Friday, September 20, 2013

Finding My Zen







It's funny how things can change, how we can change. Our dreams, ideas and ideals all develop and grow and before we know it, we are becoming a whole different person entirely.

I have been going through a personal transformation for quite a few years now. My ideals have most certainly changed. Things that I thought I wanted, I no longer want; thus my dreams and visions are different. My priorities have altered so much that sometimes it spins my own head.
I want simple. Pared down. In every facet of my life.

The other day I read an interesting article on MSN about why people feel so "poor" even though the economy has improved slightly. The piece mentioned cell phone bills, cable bills and things I have thought about myself and pondered if they were truly necessities in life. Then it mentioned something that had never crossed my mind before.
Facebook.
The article said how the majority of people who have a Facebook page, when surveyed, reported negative feelings more than positive from their experiences on it. People feel bad when they see how wonderful someone else's life is. Pictures of fabulous vacations, new cars, new homes...the article said how people can't handle seeing someone having more or better than they think they have themselves. This saddened me. I realized how it rings true and how many people I have known that have to "keep up with the Joneses". 

In my real life apart from the internet and social media, I have minimized my contact and relationships with those people. But I'm still on Facebook and I really don't know why.

I have blocked so many people from my newsfeed it's ridiculous. Political rantings, anti religion mumbo jumbo and those negative Nellies...everyone is entitled to their own opinion, I just don't want to read it. When I consciously thought about how many people I am "friends" with on there that I was friends with 2 decades ago but wouldn't hang out with now, it was eye opening. 95% of them are not in my inner circle and most likely will never be. Then there's the friends of friends and the people I do know in my real life that I now know way too much about thanks to their posts. Over time in fact, Facebook had begun to make me dislike and disrespect people I would have otherwise never even thought about or known anything about.

So I deleted myself.
It was the best thing I could have done.
It was weird the first day or two to not pull it up on my phone. It felt a little bizarre not knowing if someone just had an encounter with a rude cashier or who has a headache and feels like crap today. Those people I haven't laid eyes on in 20 years will fade back into memories once again. And now I will remember most of them in the positive way I had when I clicked "Accept Friend Request". 
Another life lesson in the less is more concept.

What do you think of Facebook?

Wednesday, September 4, 2013

Long Weekend



afternoon reading
this boot is amazing ~ I need to write a post about it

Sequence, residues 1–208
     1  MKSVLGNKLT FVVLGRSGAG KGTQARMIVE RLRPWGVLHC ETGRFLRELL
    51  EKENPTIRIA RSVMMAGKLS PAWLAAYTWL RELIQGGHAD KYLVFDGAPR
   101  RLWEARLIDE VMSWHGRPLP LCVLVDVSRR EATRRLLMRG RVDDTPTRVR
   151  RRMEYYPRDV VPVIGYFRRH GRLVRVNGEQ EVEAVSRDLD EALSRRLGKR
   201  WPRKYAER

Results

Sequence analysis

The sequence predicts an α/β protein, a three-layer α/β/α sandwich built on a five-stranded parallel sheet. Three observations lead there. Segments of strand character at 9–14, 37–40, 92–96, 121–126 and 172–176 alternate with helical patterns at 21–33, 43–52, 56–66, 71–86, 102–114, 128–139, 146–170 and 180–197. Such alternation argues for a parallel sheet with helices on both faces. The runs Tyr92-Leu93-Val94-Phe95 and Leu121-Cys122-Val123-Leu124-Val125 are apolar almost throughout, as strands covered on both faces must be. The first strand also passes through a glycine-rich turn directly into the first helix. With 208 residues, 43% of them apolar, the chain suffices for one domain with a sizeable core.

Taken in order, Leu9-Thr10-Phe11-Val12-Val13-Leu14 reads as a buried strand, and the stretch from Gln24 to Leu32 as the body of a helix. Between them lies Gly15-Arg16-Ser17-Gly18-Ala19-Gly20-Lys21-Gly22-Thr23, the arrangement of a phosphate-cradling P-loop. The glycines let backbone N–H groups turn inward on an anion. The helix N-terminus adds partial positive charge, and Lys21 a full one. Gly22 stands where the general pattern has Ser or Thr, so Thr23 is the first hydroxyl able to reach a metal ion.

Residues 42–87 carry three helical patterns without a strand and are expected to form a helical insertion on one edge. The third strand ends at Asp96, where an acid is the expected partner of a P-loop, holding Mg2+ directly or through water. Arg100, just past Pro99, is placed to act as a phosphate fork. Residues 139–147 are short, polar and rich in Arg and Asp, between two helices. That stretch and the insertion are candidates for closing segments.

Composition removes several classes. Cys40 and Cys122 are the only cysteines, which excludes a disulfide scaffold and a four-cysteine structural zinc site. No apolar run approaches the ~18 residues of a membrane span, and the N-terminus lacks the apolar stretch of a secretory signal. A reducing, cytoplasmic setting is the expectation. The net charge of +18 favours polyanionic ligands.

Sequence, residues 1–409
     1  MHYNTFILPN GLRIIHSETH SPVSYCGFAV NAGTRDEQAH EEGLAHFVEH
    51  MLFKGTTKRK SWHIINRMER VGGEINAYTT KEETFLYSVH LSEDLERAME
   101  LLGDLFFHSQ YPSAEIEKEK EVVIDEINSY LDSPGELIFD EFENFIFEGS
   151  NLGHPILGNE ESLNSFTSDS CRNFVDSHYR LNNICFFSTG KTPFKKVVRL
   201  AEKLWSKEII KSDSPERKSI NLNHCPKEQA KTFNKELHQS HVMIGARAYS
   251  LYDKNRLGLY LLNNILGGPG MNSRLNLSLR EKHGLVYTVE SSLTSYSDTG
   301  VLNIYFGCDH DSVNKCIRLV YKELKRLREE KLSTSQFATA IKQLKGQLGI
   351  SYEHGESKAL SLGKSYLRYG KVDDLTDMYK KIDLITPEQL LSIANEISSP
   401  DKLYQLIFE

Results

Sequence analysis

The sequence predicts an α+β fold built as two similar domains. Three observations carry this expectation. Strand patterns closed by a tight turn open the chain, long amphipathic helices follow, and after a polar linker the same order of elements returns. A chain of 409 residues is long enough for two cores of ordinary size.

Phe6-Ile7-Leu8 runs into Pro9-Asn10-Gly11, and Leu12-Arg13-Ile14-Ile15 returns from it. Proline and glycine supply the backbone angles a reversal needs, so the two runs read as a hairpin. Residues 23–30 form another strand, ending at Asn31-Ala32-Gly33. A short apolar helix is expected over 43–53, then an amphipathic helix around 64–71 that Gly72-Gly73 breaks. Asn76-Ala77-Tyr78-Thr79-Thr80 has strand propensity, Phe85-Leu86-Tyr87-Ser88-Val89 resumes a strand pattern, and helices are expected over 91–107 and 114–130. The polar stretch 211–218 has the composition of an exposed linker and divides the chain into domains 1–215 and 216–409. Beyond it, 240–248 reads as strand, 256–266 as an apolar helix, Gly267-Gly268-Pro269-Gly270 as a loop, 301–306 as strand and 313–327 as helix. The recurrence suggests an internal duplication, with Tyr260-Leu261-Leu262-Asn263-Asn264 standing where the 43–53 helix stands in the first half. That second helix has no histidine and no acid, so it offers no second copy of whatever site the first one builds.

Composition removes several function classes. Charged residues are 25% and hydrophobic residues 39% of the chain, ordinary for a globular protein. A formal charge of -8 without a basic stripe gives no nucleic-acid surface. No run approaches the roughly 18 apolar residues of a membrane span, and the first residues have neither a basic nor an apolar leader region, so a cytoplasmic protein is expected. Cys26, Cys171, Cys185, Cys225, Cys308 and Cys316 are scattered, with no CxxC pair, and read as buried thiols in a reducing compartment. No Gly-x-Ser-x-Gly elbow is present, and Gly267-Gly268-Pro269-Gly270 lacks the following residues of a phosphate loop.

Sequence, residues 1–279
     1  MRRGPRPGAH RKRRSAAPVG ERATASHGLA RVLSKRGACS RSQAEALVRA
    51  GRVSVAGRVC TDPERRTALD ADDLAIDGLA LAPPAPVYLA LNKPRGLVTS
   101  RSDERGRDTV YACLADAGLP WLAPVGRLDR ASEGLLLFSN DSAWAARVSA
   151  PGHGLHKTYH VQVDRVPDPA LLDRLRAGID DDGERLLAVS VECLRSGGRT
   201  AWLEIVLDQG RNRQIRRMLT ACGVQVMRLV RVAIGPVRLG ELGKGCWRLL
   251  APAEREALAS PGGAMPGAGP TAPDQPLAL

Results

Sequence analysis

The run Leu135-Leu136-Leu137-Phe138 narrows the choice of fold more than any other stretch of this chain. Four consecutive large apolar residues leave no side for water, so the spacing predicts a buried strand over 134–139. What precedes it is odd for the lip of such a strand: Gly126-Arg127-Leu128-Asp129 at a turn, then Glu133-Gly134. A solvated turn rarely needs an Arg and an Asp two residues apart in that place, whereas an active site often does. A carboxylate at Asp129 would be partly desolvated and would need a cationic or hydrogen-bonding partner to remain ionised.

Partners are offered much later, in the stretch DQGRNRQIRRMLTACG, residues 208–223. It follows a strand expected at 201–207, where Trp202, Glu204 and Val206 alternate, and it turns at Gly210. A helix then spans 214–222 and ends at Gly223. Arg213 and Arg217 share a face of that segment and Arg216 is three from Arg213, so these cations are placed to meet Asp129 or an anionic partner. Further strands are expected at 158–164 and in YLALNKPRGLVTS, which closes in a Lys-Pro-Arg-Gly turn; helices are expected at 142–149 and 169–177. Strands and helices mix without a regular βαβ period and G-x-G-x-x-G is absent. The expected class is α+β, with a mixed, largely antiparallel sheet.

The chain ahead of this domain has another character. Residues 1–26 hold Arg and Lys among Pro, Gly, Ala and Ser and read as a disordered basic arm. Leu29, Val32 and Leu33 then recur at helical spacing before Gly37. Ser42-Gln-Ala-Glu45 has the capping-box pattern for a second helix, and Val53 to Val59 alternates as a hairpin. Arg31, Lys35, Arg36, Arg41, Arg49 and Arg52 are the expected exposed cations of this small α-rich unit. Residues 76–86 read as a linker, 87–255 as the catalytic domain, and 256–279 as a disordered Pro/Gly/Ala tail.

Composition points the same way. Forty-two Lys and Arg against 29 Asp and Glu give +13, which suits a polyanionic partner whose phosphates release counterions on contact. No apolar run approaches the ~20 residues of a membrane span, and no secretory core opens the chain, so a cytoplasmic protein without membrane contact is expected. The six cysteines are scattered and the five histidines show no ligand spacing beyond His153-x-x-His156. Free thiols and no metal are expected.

an ice cream truck showed up unexpectedly at the end of our driveway ~ a very welcome surprise!

so we had ice cream for dinner. no big deal. and no mom of the year awards for me I suppose

outdoor dining at a local place where Charlie and I had one of our first dates over 13 years ago

New Jersey pizza. I dare you to find something more superior.

Simple Suppers
grilled halibut, lemon herb orzo and salad

Bike riding.
Tons of it.


French toast and all the fixin's

Forts were made during afternoon thunderstorms

Warm spinach, bacon and pecan salad with grilled tenderloin and mash



I'm in full support of 5 day weekends and 2 day work weeks.
Who's with me?

This past weekend was beyond amazing. It was exactly what my weary mind needed.
I am constantly reminded that if we keep our eyes open we see and experience the most beautiful things every day and everywhere.

Monday, September 2, 2013

Our Canoe Adventure


Friday morning I rallied the troops bright and early to go canoeing. We signed up for a 3 hour trip down a local creek. Launch time was 10am. I don't know if it was the earlier-than-normal wake up call or the thought of sitting in a canoe for at least 3 hours (if not more depending on our prowess) but the ride there was quiet and moody. I was the only one veritably bouncing in her seat with excitement. Maybe because this whole escapade was my idea in the first place.


Clearly the most excited

 Charlie was the only had done this before but that was also about 13 years ago. We all have a bit of  kayaking experience so I fully anticipated us to take to canoeing like a fish takes to water. My only reservations were about how our little miss was going to handle it. She's a bit of a nature phobe. I mean, she won't even open her bedroom window for fear that some formiddable multi legged creature might penetrate the metal screen and get her. She despises bugs and insects of any sort and well, let's face it, canoeing down a wooded waterway called Cedar Creek pretty much ensures the water isn't crystal clear with a full view of the bottom. What if we capsized? It could be so traumatic that she might not get back in the canoe and then how in the hell would we get her out of there?